“While China is a giant of a partner for us, 134 countries also now have China as their number one trading partner or export destination. Therefore, it is us in New Zealand who will have to do the most work on keeping the relationship right. It is New Zealand that must avoid any surprises. We’ve got a formidable history of getting into new markets but we also need to avoid neglecting traditional markets, so the balance is in not putting all of our eggs into one basket.”
Talking point: to speak Mandarin, or not?
Dame Wendy Pye is an authority when it comes to teaching children to read and to learn languages.
Her publishing company, Sunshine Books, has reached all four corners of the globe with over 1800 education titles selling 218 million copies worldwide. But Dame Wendy is adamant that Kiwi children should be learning Mandarin – or at least given the opportunity to learn the language at school:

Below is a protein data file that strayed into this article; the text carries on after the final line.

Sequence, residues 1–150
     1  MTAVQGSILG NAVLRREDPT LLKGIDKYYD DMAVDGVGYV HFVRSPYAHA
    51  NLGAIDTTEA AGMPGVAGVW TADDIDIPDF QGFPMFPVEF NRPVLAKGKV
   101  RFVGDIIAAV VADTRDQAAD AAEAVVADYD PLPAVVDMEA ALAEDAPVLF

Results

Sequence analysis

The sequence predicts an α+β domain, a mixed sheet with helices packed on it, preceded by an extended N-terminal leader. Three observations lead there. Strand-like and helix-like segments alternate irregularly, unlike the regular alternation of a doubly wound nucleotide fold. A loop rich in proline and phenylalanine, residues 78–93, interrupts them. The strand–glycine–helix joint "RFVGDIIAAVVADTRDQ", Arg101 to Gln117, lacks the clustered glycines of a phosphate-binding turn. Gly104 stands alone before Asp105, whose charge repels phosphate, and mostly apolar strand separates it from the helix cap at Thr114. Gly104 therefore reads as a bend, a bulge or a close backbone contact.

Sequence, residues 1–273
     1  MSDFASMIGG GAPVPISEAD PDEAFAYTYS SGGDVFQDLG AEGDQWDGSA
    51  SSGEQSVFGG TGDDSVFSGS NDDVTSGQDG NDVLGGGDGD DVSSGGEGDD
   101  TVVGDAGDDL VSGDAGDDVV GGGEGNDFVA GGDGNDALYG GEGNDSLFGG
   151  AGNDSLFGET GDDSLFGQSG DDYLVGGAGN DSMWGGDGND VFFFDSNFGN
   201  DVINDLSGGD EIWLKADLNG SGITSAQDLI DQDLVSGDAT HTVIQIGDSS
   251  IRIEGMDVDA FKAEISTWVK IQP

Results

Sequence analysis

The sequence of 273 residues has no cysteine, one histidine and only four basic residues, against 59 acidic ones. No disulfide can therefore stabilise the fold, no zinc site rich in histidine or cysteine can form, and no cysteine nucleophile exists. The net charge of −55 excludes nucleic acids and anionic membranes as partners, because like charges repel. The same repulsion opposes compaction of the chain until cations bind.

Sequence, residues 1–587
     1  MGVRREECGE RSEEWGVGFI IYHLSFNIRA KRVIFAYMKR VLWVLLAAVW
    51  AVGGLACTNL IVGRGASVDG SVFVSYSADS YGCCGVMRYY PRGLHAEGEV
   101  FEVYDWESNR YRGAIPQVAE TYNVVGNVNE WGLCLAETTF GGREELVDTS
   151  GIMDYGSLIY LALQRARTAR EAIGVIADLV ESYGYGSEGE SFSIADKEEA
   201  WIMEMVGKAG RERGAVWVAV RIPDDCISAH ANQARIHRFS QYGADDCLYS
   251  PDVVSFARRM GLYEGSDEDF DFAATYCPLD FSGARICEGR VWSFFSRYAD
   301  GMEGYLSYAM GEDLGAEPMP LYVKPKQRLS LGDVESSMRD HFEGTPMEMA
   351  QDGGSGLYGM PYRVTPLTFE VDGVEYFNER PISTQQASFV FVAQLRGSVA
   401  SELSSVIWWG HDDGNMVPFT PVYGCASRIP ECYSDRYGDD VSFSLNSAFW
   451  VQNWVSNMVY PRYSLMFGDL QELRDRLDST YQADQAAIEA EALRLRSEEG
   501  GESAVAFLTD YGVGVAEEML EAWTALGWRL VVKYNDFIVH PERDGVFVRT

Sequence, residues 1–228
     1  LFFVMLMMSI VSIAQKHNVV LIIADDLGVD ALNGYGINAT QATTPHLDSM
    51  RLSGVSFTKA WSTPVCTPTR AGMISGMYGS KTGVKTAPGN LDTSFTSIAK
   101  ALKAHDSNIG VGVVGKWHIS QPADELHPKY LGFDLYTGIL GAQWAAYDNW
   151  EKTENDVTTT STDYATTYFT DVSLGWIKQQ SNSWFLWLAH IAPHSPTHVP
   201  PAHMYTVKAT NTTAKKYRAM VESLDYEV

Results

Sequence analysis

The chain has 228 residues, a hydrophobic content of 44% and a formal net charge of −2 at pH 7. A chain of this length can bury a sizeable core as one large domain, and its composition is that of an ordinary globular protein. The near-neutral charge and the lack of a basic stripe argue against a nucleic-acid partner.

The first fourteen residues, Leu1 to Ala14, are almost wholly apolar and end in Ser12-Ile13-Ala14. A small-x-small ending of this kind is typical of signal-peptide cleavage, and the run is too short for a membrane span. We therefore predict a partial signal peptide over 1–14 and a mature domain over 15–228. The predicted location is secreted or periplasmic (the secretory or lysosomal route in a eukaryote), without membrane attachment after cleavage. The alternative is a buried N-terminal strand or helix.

“We need to create Mandarin as an option for young learners – a serious option – at primary school and in those early years. I am keen to see real dialogue on this now, not in 15 years’ time. We need to be asking; what is the plan? And then let’s put it together. Perhaps the approach is in getting schools to spend an hour a week teaching the language and then setting 8 hours of homework – we need to start the conversation though.”
Sir Don adds: “We English-only speakers tend to be linguistically lazy. My personal view is we should all learn a reasonable amount of Maori in Primary school and then be encouraged, if not to keep it up, but to look at Mandarin or Bahasa or Japanese or Spanish or French or Arabic, or Russian. Remember we trade all over the world, and a tranche of young, next generation New Zealanders, linguistically more robust would be good for us all.”
Sorry we couldn't find any results relating to your query.